Australian online buying trends
It’s probably not too surprising that two weeks sitting on a beach can provoke a clarity of thought and direction that might normally be lacking when faced with the day to day demands of a business, (and probably also not too surpising that I wasn't exactly thinking about Australian online buying trends!)
Indeed, after two weeks on the Sunshine Coast I was very clear that I wanted to spend more time there! Unfortunately, there are always bills to pay and things to do, besides which there was a strong chance that I might be hunted down and dragged back to the office kicking and screaming.
So back to work it is. However, the tan hasn’t faded and some clarity of thought remains (at least as much as is ever going to happen given the advancing years).
I was very interested to read recently an article in the Sydney Morning Herald by Rachel Wells (SMH, May 16, 2010) which provided some survey results relating to ecommerce and Australian online buying trends.
The survey, by Neilsens, showed that while in 2005 14% of online fashion purchases by Australians went to offshore companies, last year 43% of online fashion purchases went to offshore companies. While single results in such surveys can be open to question, it seems that there is a clear trend evident, and it’s highly likely to be a trend in many other industries.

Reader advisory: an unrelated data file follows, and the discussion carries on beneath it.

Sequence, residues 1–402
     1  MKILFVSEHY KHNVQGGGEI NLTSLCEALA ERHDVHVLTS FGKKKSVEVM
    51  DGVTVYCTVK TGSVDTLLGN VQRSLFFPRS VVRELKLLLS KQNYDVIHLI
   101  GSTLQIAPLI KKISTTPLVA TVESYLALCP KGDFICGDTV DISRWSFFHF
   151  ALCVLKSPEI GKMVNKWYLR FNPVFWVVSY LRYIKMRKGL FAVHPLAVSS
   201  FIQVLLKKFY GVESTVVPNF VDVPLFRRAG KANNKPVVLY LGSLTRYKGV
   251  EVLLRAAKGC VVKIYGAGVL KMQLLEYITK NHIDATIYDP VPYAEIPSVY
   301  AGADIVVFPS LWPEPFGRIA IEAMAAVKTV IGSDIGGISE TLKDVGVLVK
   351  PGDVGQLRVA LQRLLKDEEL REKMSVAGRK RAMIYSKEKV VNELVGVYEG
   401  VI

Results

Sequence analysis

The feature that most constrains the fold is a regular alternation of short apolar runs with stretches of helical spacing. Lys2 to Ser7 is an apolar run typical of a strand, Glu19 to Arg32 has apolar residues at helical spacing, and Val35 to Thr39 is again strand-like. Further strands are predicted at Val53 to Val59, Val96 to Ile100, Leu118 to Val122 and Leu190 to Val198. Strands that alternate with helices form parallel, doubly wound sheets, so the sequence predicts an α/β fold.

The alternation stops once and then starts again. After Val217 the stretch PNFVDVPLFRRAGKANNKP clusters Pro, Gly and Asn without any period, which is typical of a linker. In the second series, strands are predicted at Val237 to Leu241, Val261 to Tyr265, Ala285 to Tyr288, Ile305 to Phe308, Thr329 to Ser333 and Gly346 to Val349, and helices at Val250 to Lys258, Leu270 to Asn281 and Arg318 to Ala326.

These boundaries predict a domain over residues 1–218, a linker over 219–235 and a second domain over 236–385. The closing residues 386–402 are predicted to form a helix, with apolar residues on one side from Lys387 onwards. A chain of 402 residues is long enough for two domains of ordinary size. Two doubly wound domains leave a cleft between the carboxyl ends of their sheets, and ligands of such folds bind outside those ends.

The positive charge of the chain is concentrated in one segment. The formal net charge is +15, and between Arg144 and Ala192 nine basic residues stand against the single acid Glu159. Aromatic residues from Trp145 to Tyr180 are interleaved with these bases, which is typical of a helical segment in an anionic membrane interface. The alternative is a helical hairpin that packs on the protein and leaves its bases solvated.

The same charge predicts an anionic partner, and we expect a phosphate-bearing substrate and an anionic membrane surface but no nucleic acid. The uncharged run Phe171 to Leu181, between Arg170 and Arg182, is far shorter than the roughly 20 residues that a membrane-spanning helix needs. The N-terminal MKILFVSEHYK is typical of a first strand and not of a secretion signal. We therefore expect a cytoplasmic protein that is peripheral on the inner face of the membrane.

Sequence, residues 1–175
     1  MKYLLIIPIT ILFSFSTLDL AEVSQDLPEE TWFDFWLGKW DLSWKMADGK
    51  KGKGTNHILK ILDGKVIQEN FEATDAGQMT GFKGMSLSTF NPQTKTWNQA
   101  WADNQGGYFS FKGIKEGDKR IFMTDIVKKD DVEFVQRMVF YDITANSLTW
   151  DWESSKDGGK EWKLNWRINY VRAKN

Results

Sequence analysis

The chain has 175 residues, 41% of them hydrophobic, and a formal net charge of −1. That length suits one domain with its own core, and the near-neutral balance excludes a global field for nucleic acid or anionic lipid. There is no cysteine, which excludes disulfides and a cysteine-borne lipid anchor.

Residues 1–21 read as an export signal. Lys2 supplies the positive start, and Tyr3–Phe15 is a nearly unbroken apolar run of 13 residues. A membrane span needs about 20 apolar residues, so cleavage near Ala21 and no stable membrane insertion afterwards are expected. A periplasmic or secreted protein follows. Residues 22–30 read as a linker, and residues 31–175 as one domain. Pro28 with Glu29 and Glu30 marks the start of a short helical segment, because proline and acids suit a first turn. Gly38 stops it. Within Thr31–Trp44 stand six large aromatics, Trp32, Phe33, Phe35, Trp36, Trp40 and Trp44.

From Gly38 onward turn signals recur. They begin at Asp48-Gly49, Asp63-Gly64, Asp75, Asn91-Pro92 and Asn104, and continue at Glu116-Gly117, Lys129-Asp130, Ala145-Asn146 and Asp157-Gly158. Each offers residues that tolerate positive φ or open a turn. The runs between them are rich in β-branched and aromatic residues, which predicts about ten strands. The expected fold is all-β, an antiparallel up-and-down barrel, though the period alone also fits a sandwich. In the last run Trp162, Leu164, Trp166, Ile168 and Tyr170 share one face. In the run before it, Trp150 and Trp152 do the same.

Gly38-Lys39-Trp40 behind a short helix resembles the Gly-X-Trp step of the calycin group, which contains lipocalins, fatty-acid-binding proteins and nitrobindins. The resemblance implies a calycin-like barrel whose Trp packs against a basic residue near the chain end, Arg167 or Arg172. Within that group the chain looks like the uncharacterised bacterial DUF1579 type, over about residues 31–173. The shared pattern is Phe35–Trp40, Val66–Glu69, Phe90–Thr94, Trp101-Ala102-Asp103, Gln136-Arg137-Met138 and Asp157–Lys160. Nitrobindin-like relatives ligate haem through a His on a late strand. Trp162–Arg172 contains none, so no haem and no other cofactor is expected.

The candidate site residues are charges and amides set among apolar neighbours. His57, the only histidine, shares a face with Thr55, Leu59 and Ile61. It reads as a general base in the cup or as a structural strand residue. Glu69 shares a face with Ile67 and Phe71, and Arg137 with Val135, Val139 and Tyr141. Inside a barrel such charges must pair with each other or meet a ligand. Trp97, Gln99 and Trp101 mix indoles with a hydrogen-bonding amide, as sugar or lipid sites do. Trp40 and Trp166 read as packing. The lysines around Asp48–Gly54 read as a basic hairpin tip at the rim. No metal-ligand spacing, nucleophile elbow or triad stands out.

This is where the clarity of thought kicked in. We often hear, from businesses in all sorts of industries, that there’s no need for them to sell online or have a comprehensive catalogue of products available on their website. That may well have been the case a few years ago, but with websites becoming a key medium not only for business promotion and lead generation but also for actual sales, if a business isn’t using its website effectively, the competition will jump in and grab your customers.
This is actually no different to a competitor starting up down the road from your business, and the response needs to be the same. Where you face competition you need to assess what the threat to your business is, and meet that threat head on, whether it be media spend, product & pricing mix etc.
The best thing about the web though is that meeting competitor threats is actually much easier than in solely a bricks and mortar business, or when you are using traditional media to promote your business. Your website can easily look and read as professional as any competitor’s site, you can change your content quickly to address competitive situations and run specials in real time.
I think the question for many businesses now is not “why should I have an ecommerce store?”, but rather “can I afford not to?” It certainly seems clear from the Neilsen survey results that if you don’t, your competitors certainly will, whether they are local or offshore competitors.
So, can you ignore what seem to be clear Australian online buying trends?
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